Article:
Spitzer Gets A New Mission – Hunting For Exoplanets
Brett Smith for redOrbit.com – Your Universe Online
“When Spitzer launched back in 2003, the idea that we would use it to study exoplanets was so crazy that no one considered it,” said Sean Carey of NASA’s Spitzer Science Center in a statement. “But now the exoplanet science work has become a cornerstone of what we do with the telescope.”
NASA scientists use Spitzer’s capacity for seeing the universe in the infrared spectrum to scan the cosmos for exoplanets, or planets that orbit a star other than our Sun. When an exoplanet passes in front of its star in a process known as transiting, it obstructs a fraction of starlight reaching the telescope. These tiny eclipses can be used to reveal the size of an alien planet.
Thanks to some innovative thinking during the design stage, Spitzer has been able to continue operating far beyond its initial mission. The telescope was outfitted with enough coolant to maintain its three temperature-sensitive instruments for at least two-and-a-half years, however, the coolant actually ended up lasting over five years.
In addition to extending the life of its coolant, Spitzer also has a passive cooling system built in that kept one set of infrared cameras operational at a super-low operational temperature of minus 407 degrees Fahrenheit – just 29 degrees above absolute zero.
To transition the telescope into an exoplanet spotter demanded some in-flight adjustments, however. Despite the telescope’s stability as it orbits the sun, a small “wobbling” was occurring as it pointed at target stars. The cameras also showed small brightness changes when a star drifted slightly across one of the camera’s individual pixels. These two issues combined to make the sensitive task of recording accurate exoplanet transits that much more difficult.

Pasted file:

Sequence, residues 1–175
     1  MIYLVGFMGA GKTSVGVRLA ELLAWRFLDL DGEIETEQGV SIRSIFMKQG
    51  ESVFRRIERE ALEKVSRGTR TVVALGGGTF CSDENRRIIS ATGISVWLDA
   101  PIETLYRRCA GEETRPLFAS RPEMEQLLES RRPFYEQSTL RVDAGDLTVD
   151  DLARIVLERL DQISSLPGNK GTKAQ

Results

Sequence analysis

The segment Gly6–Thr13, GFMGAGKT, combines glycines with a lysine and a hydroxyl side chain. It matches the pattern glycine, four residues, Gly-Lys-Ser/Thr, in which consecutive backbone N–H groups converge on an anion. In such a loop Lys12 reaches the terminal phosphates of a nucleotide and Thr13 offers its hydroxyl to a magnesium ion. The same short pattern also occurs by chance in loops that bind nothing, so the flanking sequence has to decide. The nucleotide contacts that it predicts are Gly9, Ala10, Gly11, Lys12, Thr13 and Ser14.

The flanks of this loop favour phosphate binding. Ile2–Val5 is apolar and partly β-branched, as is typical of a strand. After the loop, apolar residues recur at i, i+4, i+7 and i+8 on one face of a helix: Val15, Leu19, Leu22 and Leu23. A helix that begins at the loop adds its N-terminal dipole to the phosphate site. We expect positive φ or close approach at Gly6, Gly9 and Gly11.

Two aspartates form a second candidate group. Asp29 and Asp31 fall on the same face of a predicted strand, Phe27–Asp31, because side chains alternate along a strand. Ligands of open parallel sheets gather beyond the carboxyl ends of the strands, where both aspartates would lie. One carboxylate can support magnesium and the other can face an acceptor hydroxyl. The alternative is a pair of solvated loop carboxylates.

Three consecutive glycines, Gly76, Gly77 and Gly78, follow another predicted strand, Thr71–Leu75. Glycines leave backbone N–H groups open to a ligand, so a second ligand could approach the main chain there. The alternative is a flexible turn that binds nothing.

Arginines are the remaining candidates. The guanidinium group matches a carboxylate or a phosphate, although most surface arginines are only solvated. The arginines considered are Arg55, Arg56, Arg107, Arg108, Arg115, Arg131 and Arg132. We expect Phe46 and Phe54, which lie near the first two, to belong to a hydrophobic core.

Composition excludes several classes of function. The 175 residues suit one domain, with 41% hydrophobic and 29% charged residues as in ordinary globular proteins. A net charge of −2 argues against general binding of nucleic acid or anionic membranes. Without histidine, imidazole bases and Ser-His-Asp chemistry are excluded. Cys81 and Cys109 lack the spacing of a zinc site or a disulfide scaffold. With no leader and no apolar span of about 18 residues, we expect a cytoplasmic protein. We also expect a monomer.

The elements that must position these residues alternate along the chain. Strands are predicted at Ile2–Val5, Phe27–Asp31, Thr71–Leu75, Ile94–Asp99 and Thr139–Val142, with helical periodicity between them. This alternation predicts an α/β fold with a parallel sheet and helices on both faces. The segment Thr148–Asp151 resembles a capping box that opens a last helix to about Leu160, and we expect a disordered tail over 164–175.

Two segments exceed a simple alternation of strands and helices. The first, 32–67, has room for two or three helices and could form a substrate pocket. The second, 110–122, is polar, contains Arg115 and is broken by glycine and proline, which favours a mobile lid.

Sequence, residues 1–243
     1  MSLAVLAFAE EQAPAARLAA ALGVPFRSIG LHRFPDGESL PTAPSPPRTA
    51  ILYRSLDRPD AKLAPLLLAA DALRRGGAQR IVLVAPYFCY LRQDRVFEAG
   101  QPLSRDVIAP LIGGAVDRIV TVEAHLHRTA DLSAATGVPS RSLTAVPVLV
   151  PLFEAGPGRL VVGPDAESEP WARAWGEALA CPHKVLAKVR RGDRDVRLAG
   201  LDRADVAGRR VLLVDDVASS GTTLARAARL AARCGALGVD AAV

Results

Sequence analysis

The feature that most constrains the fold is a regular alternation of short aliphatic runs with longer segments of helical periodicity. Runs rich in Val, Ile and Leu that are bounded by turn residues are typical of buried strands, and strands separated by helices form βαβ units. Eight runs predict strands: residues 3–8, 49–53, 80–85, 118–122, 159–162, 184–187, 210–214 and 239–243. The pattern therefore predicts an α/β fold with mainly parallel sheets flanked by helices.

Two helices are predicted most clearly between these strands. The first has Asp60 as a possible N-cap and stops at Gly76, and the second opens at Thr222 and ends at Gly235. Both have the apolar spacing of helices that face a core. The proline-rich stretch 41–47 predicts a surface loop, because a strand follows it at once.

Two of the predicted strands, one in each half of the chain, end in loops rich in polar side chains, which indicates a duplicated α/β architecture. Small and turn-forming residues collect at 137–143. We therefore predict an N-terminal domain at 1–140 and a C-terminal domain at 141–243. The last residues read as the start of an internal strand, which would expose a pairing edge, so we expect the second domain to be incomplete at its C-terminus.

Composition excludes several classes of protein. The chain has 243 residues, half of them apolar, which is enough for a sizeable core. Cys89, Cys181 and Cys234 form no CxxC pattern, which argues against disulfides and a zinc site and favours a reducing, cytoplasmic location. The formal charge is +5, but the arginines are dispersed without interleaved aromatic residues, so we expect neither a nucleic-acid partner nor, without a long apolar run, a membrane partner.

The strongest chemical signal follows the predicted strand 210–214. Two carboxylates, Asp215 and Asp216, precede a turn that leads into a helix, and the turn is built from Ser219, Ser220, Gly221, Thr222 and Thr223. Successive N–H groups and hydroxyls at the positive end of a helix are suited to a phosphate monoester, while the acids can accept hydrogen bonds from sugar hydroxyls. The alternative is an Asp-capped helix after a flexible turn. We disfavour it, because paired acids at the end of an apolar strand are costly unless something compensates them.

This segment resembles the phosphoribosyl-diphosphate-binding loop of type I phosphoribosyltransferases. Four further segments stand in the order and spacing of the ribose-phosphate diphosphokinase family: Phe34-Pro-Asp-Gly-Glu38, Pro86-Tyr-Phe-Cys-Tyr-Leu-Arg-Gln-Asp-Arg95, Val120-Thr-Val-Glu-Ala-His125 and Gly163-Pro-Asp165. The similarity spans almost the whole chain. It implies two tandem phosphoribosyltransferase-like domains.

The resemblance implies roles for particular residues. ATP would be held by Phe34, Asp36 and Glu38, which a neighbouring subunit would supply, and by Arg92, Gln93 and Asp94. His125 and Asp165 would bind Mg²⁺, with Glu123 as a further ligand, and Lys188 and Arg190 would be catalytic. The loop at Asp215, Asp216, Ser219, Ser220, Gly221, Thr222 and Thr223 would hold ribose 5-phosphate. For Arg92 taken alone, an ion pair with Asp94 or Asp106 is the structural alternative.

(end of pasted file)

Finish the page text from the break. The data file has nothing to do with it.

To solve these problems, NASA engineers first had to find the source of the wobble – and they did: a heater that kicks on to keep Spitzer’s battery at a certain temperature. In October 2010, the engineers decided that the heater did not need to be cycled through its full hour and temperature range, cutting the telescope’s wobble in half.
In September 2011, the NASA engineers then solved their pixel problem by repurposing Spitzer’s Pointing Control Reference Sensor “Peak-Up” camera. This camera was used to collect infrared light precisely into a spectrometer and to calibrate the telescope’s star-trackers, which help direct the observatory. Knowing it would allow for the placement of observed stars precisely on the center of a camera pixel, the NASA engineers applied the Peak-Up to the infrared camera observations.
The scientists took their use of the Peak-Up camera a step further by carefully “mapping” the idiosyncrasies of a single pixel within the camera. They were eventually able to finely target 90 percent Spitzer’s exoplanet observations down to a particular quarter of a pixel.
“We can use the Peak-Up camera to position ourselves very precisely on the camera and put light right on the best part of a pixel,” said Carey. “So you put the light on the sweet spot and just let Spitzer stare.” These three in-flight tweaks have more than doubled the telescope’s steadiness and targeting, giving Spitzer superb sensitivity when it comes to capturing exoplanet measurements.
“Because of these engineering modifications, Spitzer has been transformed into an exoplanet-studying telescope,” said Carey. “We expect plenty of great exoplanetary science to come from Spitzer in the future.”